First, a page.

- Uninsured children are half as likely as insured children to receive dental care.3
- Untreated dental decay afflicts one-fourth of children entering kindergarten in the United States.
- Low-income and minority children have more dental cavities than other children.
- Poor Mexican-American children ages 2 to 9 have the highest proportion of untreated decayed teeth (70.5 percent), followed by poor non-Hispanic black children (67.4 percent).
- Poor Mexican-American and non-Hispanic black children see the dentist less often than other children.
- Less than one of every five poor children enrolled in Medicaid receives preventive dental services in a given year, even though Medicaid provides dental coverage for enrolled children.
In addition to the considerable access problems faced by poor and Medicaid-eligible children, poor elderly people and minorities have their own problems with access.
- In the 50-69 age group, non-Hispanic blacks (31.2 percent) are more likely than Mexican Americans (28.2 percent) or non-Hispanic whites (16.9 percent) to have at least one tooth site with periodontal disease.
- In the age category 70 years and over, the percentages rise to 47.1 percent, 32.0 percent, and 24.1 percent for the three groups.
With more elderly people having discretionary income and
retaining their natural teeth, demand for dental services
among the elderly has grown. But this demand can be
substantially influenced by financial barriers and other
health concerns. Studies show that the elderly typically
underuse needed dental services.
The underuse of cost-effective preventive services such as
dental sealants, plastic coating applied to protect the
chewing surface of teeth, also illustrates that dental care in
the United States has room for improvement.
a. Unless otherwise referenced, the information in this section comes from the Surgeon General's report.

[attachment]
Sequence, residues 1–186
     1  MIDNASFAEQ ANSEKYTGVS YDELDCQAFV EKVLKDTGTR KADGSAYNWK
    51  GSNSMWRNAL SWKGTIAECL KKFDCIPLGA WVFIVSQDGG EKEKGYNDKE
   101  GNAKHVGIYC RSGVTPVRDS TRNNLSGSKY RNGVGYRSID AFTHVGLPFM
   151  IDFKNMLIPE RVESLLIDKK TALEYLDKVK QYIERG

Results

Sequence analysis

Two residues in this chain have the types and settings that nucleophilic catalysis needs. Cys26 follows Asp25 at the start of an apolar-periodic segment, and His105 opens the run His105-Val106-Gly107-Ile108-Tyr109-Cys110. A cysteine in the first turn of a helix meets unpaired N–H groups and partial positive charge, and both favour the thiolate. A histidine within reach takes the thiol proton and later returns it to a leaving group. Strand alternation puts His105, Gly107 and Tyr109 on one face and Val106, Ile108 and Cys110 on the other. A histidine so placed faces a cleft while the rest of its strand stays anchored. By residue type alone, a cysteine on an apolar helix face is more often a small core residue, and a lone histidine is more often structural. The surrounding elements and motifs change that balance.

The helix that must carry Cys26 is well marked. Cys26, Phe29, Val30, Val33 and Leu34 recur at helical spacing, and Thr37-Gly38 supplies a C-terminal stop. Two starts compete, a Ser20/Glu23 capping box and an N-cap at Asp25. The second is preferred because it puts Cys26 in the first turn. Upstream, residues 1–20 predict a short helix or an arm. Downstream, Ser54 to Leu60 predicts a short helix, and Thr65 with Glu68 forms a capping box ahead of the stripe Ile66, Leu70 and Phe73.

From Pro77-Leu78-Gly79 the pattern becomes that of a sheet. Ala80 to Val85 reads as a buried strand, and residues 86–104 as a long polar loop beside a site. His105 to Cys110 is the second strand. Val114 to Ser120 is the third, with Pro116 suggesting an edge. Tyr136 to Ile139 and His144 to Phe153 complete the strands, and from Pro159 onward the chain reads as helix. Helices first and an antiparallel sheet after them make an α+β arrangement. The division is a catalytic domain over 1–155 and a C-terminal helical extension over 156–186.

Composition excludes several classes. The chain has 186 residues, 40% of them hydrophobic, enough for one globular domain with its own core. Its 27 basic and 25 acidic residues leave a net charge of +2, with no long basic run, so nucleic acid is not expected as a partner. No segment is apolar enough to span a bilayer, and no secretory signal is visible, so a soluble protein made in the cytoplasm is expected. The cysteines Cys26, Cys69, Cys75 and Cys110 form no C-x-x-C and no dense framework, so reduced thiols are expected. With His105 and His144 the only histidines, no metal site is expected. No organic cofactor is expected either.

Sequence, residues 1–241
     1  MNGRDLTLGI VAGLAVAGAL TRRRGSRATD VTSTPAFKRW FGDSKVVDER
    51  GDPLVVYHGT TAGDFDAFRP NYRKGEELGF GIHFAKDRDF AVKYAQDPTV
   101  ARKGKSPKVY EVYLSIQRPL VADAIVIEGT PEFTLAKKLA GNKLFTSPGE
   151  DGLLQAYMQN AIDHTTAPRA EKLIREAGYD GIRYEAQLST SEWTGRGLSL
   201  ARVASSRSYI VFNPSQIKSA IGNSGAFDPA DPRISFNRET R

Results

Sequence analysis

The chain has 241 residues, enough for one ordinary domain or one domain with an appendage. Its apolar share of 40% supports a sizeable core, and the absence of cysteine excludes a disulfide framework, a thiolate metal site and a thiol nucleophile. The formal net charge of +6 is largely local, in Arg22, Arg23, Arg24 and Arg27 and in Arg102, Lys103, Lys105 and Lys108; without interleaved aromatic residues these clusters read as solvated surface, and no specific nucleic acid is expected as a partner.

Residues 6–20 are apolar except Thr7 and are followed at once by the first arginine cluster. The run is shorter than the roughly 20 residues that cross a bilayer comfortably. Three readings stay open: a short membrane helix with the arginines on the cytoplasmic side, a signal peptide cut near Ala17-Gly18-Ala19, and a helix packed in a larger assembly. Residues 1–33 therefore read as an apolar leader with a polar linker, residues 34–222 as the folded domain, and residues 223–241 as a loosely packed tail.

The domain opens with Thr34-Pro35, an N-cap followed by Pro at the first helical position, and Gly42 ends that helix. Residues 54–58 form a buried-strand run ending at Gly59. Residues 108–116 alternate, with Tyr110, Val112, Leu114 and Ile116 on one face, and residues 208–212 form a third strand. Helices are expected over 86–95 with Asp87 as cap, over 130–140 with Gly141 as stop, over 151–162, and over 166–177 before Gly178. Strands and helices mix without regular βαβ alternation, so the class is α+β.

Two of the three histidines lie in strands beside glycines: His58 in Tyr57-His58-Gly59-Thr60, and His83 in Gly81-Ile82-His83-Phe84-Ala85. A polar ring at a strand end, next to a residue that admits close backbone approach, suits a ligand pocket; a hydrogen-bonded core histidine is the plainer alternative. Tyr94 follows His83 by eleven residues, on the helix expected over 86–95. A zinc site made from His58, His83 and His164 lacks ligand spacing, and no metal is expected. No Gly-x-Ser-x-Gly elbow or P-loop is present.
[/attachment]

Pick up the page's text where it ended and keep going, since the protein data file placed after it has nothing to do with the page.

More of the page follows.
Performance Measurement Is in its Early Stages
Beyond the issues of access and underuse, there is the
question of how to measure the quality of care that is
delivered. The ability to measure the quality of dental care
is a key to improving it, but most plans do not collect data
to produce standardized measures. Once the process of
performance measurement is underway, it will be possible
to identify specific treatment areas where improvements
can be made. For example, some research has shown that
the treatment of dental patients with previous restorations
(different repairs to teeth, such as fillings, crowns, and
bridges, that restore original function) has a relatively high
degree of variability, which may or may not be related to
patient-specific factors. Further research may be able to
show which type of restoration is most effective.
Measuring performance becomes more feasible when
evidence reports are available that systematically evaluate
the efficacy of techniques for the diagnosis, prevention, and
treatment of dental caries and other dental diseases.
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Access to Adequate Care
AHRQ-funded studies have identified disparities in the
dental care used by poor children and elderly blacks. These
studies have shown that, despite Federal requirements,
children who are enrolled in the Medicaid program or are
among the near-poor receive less dental care than is
recommended for their age group. For example, they are
less likely to receive regular preventive visits than those in
higher income groups. Also, they are less likely to have